A little-known case in the federal Second Circuit Court of Appeals, pitting the New York City Department of Buildings against the Third Church of Christ, Scientist, highlights the working of the Religious Land Use and Institutionalized Persons Act, one of many laws produced by the close working relationship of Senator Orrin Hatch (R-Utah) and the late Senator Edward Kennedy (D-Mass).
A federal district court had granted the church’s motion for a permanent injunction prohibiting the City from restricting the Church’s use of its facility for private, catered events. City building code enforcement, especially in a densely packed city like New York, has wide discretion to limit use of buildings based on neighborhood zoning.
The district court granted the injunction “on the ground that the City allows secular institutions in the Church’s neighborhood to conduct substantially similar events.” One of the main requirements of RLUIPA is that state and local governments may not impose limitations on churches that it does not impose on “similarly situated” secular institutions. Another is that government may not arbitrarily intefere with a prisoner engaging in religious worship or communication.
The church, located at the corner of Park Avenue and 63rd Street in Manhattan, needed a way to finance renovation of its 80-year-old building. Since the small membership couldn’t come up with the money, they contracted with the Rose Group, a private catering business. Rose Group would pay for the capital improvements, and hold private functions in the church building.
The church obtained an accessory-use permit from the city in 2006, but in 2007 some neighbors complained. The Department of Buildings revoked the use permit, finding “the catering establishment is not an accessory use because . . . . it appears to be a principal commercial establishment at the premises.” The church responded that the Beekman co-operative apartment building and the Regency hotel, both in the same neighborhood, operate restaurants and event facilities.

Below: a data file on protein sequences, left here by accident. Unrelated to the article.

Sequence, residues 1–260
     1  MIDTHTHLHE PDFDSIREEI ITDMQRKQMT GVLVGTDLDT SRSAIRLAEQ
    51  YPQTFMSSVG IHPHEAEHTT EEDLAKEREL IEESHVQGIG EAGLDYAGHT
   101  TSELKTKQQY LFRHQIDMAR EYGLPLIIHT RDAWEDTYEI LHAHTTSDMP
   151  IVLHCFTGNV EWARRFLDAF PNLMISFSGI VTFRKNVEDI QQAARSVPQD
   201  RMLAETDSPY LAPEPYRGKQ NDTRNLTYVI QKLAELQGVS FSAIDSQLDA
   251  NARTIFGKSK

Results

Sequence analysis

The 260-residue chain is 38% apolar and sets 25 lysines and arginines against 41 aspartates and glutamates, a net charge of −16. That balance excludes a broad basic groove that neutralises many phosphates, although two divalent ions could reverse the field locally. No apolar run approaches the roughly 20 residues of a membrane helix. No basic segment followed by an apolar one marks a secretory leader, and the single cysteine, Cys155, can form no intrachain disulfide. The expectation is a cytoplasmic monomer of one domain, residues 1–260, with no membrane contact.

The city could, in the long run, require the church to cease allowing its premises to be used for Rose Group private catered events. However, it would have to show that all similar events by secular institutions in the neighborhood are also prohibited. Churches do not have an unrestricted right to create a nuisance for their neighbors, by creating congestion, or excessive noise. The law does require equal treatment, and that any buren placed in a religious assembly “is in furtherance of a compelling governmental interest; and is the least restrictive means of furthering that compelling governmental interest.”
RLUIPA was adopted unanimously by congress in 2000, after the Supreme Court struck down the more comprehensive Religious Freedom Restoration Act of 1993. In City of Boerne v. Flores, Justice Kennedy, joined by Chief Justice Rehnquist and justices Stevens, Thomas, Ginsburg, and Scalia, wrote that the power of congress, granted by Section 5 of the Fourteenth Amendment, to enforce the provisions of the amendment “by appropriate legislation” does not give congress the power “to determine what constitutes a constitutional violation.”